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Opiates block pain but also unleash intense feelings of well-being and can create physical dependence. The withdrawal symptoms are also intense, with users complaining of cramps, diarrhea, muddled thinking, nausea and vomiting.
After a while, opiates stop working, forcing users to take stronger doses or to try slightly different chemicals.
"You've got a person on your product for life, and a doctor's got a patient who's never going to miss an appointment, because if they did and they didn't get their prescription, they would feel very sick," said Andrew Kolodny, president of Physicians for Responsible Opioid Prescribing. "It's a terrific business model, and that's what these companies want to get in on."
Under pressure from the government, Purdue Pharma last year debuted a new OxyContin pill formula that "squishes" instead of crumbling when someone tries to crush it.
But Zogenix, whose drug is time-released but crushable, says there is not enough evidence to show that such tamper-resistant reformulations thwart abuse.
"Provided sufficient effort, all formulations currently available can be overcome," Zogenix said in a written response to questions by The Associated Press.
At a conference for investors New York on Nov. 29, Zogenix chief executive Roger Hawley said the FDA was not pressuring Zogenix to put an abuse deterrent in Zohydro.
"We would certainly consider later launching an abuse-deterrent form, but right now we believe the priority of safer hydrocodone -- that is, without acetaminophen -- is a key priority for the FDA," Hawley said.
FDA spokeswoman Erica Jefferson said the agency would not comment on its discussions with drug companies, citing the need to protect trade secrets.
Drug control advocates say they're worried the U.S. government is too lax about controlling addictive pain medications. The United States consumes 99 percent of the world's hydrocodone and 83 percent of its oxycodone, according to a 2008 study by the International Narcotics Control Board.
One 41-year-old loophole in particular has fed the current problem with hydrocodone abuse, critics say. The federal Controlled Substances Act, passed in 1970, puts fewer controls on combination pills containing hydrocodone and another painkiller than it does on the equivalent oxycodone products.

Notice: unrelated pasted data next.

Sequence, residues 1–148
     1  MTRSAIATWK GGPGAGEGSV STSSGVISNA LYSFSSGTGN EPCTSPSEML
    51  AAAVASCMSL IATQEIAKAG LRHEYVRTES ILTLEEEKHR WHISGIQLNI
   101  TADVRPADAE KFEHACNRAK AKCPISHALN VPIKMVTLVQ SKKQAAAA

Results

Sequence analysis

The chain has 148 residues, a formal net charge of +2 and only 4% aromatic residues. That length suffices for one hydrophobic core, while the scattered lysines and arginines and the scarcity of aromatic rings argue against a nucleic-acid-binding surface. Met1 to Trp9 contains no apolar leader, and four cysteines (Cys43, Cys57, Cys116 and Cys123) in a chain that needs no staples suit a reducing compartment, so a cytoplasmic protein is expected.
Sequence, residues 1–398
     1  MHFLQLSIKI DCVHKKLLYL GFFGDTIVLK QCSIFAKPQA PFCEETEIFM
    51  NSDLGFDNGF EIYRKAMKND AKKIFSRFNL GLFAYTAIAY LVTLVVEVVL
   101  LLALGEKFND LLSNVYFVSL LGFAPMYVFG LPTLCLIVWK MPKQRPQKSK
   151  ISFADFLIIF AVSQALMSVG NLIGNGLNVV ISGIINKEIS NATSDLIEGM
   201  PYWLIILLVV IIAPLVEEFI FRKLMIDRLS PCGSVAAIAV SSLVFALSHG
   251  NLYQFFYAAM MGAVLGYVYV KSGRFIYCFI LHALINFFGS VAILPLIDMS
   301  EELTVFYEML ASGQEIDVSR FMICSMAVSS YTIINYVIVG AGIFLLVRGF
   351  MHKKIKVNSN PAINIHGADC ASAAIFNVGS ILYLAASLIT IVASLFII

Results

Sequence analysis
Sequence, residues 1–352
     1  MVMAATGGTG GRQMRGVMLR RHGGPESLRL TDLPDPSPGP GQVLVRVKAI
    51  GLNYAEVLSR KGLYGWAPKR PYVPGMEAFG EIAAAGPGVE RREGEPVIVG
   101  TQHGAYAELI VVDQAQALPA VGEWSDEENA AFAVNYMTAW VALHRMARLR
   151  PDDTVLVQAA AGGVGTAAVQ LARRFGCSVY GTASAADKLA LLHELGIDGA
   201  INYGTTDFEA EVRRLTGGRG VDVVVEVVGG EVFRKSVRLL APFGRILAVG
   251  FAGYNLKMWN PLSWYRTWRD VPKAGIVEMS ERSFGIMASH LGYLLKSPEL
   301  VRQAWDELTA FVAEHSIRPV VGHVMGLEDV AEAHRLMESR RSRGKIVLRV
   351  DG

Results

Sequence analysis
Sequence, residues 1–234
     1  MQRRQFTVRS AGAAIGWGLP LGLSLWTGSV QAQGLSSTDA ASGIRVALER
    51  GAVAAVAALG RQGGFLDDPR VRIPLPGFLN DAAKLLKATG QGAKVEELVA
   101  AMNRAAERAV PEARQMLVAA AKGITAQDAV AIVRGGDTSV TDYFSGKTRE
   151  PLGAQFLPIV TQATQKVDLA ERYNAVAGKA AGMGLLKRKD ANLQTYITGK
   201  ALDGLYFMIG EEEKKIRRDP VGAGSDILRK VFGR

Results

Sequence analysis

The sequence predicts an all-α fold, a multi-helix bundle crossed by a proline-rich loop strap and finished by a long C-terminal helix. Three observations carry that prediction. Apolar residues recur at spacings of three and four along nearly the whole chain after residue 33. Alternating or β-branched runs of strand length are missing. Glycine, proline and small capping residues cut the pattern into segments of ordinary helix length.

A Vicodin prescription can be refilled five times, for example, while a Percocet prescription can only be filled once.
The Drug Enforcement Administration and Food and Drug Administration have been studying whether to close this loophole since 1999 but have made no decision. Congress is now considering a bill that would force the agencies to tighten the controls.
"This is a problem that is fundamentally an oversupply problem," said Jackson, the drug-control advocate. "The FDA has kind of opened the floodgates, and they refuse to recognize the mistakes made in the past."
Pure hydrocodone falls into the stricter drug-control category than hydrocodone-acetaminophen medications, meaning patients would have to go to their doctors for a new prescription each time they needed more pills. But Jackson said that's no guarantee against abuse, noting that dozens of unscrupulous doctors have been caught churning out prescriptions in so-called "pill mills."
The Drug Enforcement Administration, which enforces controls on medicines along with the FDA, said it could not comment on drugs that have not yet been approved for sale.
However, Zogenix has acknowledged the abuse issue could become a liability.
"Illicit use and abuse of hydrocodone is well documented," it said in a filing with the Securities and Exchange Commission in September. "Thus, the regulatory approval process and the marketing of Zohydro may generate public controversy that may adversely affect regulatory approval and market acceptance of Zohydro."
Copyright 2011 The Associated Press. All rights reserved. This material may not be published, broadcast, rewritten or redistributed.
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